Solanum pinnatisectum is one of the most distinctive wild potato species from North and Central America, easily distinguished by its 6-8 pairs of linear, lanceolate, to elliptic-lanceolate lateral leaflets. It would be hard to confuse with another species except for its putative hybrid with S. ehrenbergii, S. ×sambucinum (Hawkes 1990). Solanum ×sambucinum has lessfewer lateral leaflets (4-5) than S. pinnatisectum (6-8); S. ×sambucinum has lunate pseudostipules while S. pinnatisectum has pinnatifid pseudostipules; and S. ×sambucinum has lanceolate leaflets while S. pinnatisectum has linear-lanceolate leaflets.

Correll (1962) designated S. ×michoacanum as a nothospecies originating from a cross of S. bulbocastanum and S. pinnatisectum and is somewhat morphologically intermediate between them but has many fewer lateral leaflets than S. pinnatisectum (see below).


Lara-Cabrera, S. & D.M. Spooner Taxonomy of Mexican diploid wild potato (Solanum sect. Petota) species: AFLP data.
Plant Syst. Evol.

Lara-Cabrera, S. & D.M. Spooner Taxonomy of Mexican diploid wild potato (Solanum sect. Petota) species: morphological and microsatellite data.
Monogr. Syst. Bot., Missouri Bot. Gard.

Correll, D.S. 1962. The potato and its wild relatives.
Contr. Texas Res. Found., Bot. Stud. 4: 1-606.

Hawkes, J.G. 1990. The potato: evolution, biodiversity and genetic resources.
Oxford: Belhaven Press.

Spooner, D.M. & K.J. Sytsma 1992. Reexamination of series relationships of Mexican and Central American wild potatoes (Solanum sect. Petota): evidence from chloroplast DNA restriction site variation.
Syst. Bot. 17:432-448.

Spooner, D.M. & R.J. Hijmans 2001. Potato systematics and germplasm collecting, 1989-2000.
Amer. J. Potato Res. 78:237-268; 395.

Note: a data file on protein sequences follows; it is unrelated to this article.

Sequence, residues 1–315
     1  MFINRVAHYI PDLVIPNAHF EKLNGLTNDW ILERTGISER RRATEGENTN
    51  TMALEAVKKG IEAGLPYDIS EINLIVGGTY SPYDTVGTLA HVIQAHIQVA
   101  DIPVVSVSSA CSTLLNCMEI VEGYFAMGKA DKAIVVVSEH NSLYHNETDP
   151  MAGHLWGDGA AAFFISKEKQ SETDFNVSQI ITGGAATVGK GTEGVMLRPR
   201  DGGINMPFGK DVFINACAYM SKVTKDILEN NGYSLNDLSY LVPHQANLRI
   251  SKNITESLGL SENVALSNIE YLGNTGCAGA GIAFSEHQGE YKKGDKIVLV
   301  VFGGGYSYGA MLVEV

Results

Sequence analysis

Lara-Cabrera, S.I. 2001. Taxonomy of Mexican diploid wild potato (Solanum sect. Petota) species: a morphological and molecular study.
Ph.D. Thesis, Plant Breeding and Plant Genetics Program, University of Wisconsin-Madison.

Spooner, D.M., R.G. van den Berg, A. Rodríguez, J. Bamberg, R.J. Hijmans, & S.I. Lara-Cabrera 2004. Wild potatoes (Solanum section Petota; Solanaceae) of North and Central America.
Syst. Bot. Monog. 68: 1-209 + 9 plates.

Bohs, L. 2005. Major clades in Solanum based on ndhF sequences.
Pp. 27-49 in R. C. Keating, V. C. Hollowell, & T. B. Croat (eds.), A festschrift for William G. D’Arcy: the legacy of a taxonomist. Monographs in Systematic Botany from the Missouri Botanical Garden, Vol. 104. Missouri Botanical Garden Press, St. Louis.


Chloroplast DNA restriction site data available in: Spooner and Sytsma (1992). AFLP, morphological, and microsatellite data listed in: Lara-Cabrera (2001).

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Scratchpads developed and conceived by (alphabetical): Ed Baker, Katherine Bouton Alice Heaton Dimitris Koureas, Laurence Livermore, Dave Roberts, Simon Rycroft, Ben Scott, Vince Smith